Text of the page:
Do you have someone at work or in your life who consistently triggers you? That you consider to be difficult or toxic? If you are a human being living on this Earth, I assume your answer is “YES.”
This is one of the themes we are working on in the Inner Mastery Academy Group Coaching Program as we each clear the path to achieving our vision.
Our core emotional need is to feel valued and valuable. When we don’t, it is deeply unsettling, a challenge to our sense of equilibrium, security, and well-being.
An overly challenging relationship, even if you recognize it as unhealthy, is often difficult to let go of. But if you want to reclaim your power and truly heal from a toxic relationship, you have to be willing to ask yourself some tough questions.
What attracted me to this person?
It doesn’t matter if this person was a business partner, significant other, or close friend. You chose to allow this person into your life because you found something desirable about him or her.
Maybe you liked the way that your boyfriend made all of the decisions because it made you feel safe and cared for. Maybe you started working with a business partner because you admired her work ethic and found her attention boosted your low self-confidence. These are just a couple of the many possible examples.
What were the early warning signs I missed?
Most people who are difficult for you don’t wake up one day and decide to be toxic toward you. The truth is they’ve usually been difficult for you since the very beginning. You just didn’t notice until six, twelve, or eighteen months (or more) down the road.
You have to understand this question is not about assigning self-blame. It’s not your fault that this person was difficult for you, although you may need to change how you perceive and respond if you want to improve the situation.
And it is not really about focusing blame on the other person, either. However, if you don’t examine the warning signs then you’ll stay in the unhealthy relationship and will continue to be at risk of entering into a relationship with others who are also harmful to your well-being.
Maybe the early warning sign was that your significant other was a bit too possessive and didn’t want you to have any male friends. Maybe the early warning sign was that a business partner always gave vague responses and never answered a question directly.
You can create a pattern where you choose friends, business partners, and lovers that are toxic unless you start learning from these experiences — and you can create a pattern of finding and keeping relationships that help you enrich your life.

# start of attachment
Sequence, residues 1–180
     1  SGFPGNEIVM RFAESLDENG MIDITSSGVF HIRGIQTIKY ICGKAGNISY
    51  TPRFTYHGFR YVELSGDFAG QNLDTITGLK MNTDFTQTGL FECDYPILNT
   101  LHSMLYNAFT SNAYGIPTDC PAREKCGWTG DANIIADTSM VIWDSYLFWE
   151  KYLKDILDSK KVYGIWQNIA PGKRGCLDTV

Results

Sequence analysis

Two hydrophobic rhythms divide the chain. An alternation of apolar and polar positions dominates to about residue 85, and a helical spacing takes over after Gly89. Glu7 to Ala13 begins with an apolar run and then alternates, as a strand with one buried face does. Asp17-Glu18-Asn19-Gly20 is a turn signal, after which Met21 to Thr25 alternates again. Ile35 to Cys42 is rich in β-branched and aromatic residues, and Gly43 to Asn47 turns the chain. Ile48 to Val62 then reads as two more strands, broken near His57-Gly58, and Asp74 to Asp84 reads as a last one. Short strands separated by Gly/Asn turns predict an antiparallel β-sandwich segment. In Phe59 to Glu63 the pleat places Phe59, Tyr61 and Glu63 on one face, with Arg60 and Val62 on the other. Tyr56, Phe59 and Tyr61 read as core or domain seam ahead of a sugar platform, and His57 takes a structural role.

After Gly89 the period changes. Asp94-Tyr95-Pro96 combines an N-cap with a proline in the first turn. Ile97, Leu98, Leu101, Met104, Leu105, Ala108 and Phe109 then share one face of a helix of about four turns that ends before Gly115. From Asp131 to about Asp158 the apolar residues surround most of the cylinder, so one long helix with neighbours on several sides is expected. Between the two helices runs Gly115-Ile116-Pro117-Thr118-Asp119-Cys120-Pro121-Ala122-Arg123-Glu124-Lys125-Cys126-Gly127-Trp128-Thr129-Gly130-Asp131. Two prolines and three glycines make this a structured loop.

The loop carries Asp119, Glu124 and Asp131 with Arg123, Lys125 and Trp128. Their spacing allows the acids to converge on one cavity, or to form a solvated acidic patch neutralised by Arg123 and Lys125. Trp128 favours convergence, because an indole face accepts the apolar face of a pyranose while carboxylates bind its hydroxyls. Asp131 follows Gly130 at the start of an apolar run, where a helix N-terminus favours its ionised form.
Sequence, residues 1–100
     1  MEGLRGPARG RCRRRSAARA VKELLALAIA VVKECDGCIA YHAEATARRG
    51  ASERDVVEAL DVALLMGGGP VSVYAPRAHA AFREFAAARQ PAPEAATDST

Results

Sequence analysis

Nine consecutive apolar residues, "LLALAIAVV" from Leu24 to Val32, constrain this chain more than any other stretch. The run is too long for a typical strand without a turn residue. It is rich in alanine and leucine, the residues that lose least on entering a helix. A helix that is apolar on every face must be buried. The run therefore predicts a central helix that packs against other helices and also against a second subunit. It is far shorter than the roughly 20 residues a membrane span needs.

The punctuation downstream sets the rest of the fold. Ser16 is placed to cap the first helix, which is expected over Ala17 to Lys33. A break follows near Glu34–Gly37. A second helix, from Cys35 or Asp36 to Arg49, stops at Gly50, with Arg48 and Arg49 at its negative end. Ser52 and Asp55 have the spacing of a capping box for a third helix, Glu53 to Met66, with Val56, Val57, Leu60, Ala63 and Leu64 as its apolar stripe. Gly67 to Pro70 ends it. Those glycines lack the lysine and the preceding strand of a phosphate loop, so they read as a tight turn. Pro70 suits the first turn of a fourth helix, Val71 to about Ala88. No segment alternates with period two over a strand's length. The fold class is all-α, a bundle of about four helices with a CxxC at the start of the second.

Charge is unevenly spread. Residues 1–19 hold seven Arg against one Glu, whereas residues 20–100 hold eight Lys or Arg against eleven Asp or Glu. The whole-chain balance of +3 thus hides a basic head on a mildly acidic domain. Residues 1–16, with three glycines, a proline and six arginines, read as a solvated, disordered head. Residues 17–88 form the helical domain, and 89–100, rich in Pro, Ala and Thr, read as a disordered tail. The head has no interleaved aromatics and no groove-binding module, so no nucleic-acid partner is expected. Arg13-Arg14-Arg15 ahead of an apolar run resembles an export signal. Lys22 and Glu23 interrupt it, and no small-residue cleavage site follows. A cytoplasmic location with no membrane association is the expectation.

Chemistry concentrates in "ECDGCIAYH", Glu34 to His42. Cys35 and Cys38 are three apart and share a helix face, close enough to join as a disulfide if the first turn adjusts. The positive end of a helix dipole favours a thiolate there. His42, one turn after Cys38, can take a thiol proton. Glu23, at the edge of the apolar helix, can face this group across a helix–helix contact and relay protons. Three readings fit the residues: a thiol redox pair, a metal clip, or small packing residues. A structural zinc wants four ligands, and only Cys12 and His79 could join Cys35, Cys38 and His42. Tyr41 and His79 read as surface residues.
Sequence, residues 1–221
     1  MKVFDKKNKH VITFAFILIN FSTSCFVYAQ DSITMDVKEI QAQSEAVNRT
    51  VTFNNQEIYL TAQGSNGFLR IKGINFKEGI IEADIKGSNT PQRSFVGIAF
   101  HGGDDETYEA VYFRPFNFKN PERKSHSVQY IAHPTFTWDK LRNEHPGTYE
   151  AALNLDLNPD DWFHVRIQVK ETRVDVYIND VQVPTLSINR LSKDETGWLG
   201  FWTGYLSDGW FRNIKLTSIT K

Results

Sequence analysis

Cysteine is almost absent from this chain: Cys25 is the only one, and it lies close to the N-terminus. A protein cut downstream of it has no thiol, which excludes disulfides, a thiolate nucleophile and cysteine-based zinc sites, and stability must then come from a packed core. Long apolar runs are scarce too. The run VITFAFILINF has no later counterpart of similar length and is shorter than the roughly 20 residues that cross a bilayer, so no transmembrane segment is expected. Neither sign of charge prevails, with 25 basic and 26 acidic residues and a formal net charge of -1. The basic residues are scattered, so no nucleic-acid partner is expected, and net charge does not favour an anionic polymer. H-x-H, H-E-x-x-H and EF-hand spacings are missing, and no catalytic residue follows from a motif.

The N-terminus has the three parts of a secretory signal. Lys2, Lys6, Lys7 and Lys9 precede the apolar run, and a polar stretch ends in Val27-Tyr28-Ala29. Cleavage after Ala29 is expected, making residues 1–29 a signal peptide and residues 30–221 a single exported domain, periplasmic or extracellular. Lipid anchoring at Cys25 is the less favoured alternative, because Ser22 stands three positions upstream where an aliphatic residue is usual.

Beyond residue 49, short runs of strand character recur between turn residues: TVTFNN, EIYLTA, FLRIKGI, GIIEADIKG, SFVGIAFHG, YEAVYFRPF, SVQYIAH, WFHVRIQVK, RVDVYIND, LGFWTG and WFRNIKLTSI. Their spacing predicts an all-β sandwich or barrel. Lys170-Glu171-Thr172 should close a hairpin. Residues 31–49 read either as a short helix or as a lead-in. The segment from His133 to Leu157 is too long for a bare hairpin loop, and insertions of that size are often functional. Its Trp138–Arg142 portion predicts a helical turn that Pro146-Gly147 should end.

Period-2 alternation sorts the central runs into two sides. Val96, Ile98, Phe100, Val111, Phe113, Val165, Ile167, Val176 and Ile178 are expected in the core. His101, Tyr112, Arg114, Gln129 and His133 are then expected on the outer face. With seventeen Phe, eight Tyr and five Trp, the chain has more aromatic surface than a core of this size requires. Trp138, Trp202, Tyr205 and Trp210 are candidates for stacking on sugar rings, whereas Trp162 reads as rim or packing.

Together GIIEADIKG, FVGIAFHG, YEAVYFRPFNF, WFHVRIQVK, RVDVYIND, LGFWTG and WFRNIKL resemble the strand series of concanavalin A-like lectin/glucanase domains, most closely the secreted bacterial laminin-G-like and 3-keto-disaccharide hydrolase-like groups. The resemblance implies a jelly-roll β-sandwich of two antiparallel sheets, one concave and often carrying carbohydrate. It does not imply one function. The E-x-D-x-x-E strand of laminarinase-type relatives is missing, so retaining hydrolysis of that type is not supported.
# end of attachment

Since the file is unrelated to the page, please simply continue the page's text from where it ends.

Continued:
Why did I stay with this person?
Just as important as it is to recognize the early warning signs of a toxic person, it is also important to understand why you continued in the relationship.
Some people stay in toxic relationships because they don’t want to be alone. or feel that they aren’t strong enough to make it on their own. Some worry about hurting the other person, or offending them and ending up with an enemy, if they speak and act directly and end a connection. Some people worry about what a potential breakup might do to their reputation or how it will disappoint their loved ones.
Whatever motivates your decision-making, when you understand your whys, you can make more informed choices now, and in the future.
How can I use this approach in order to grow?
Once you’ve analyzed your relationships, it’s time to learn from them. Keep in mind this isn’t about indulging in self-guilt or heaping shame on yourself or the other. It is about using your relationships as a learning opportunity, in order to grow personally and professionally.
When you are at this point you are ready to ask yourself some deeper questions:
- What are the facts in this situation?
- What is the story I’m telling myself about those facts?
- Where is my responsibility in all this?
- How is this benefiting me?
How many times has something that felt terrible to you in the moment turned out to be trivial a few days or weeks later, or actually led you to an important opportunity or a positive new direction? Probably more than once!
That important opportunity or positive new direction may only occur if you look more closely at your part in choosing or staying in what you experience as toxic situations, and if you look more closely at your part in those situations, you can grow. Sometimes you can heal or improve the overly challenging situation, and in other cases, you need to scale back or end a relationship in order to take the next step in your growth.
I work with many clients on how to enhance relationships of all kinds, whether at home or at work. And the evidence I have seen through my work is that we do NOT need to live under the weight of bad understanding or bad decisions. We can indeed find the right understanding and the right path to live a fulfilling life, full of positive relationships.
Isn’t that something worth paying attention to, and mastering?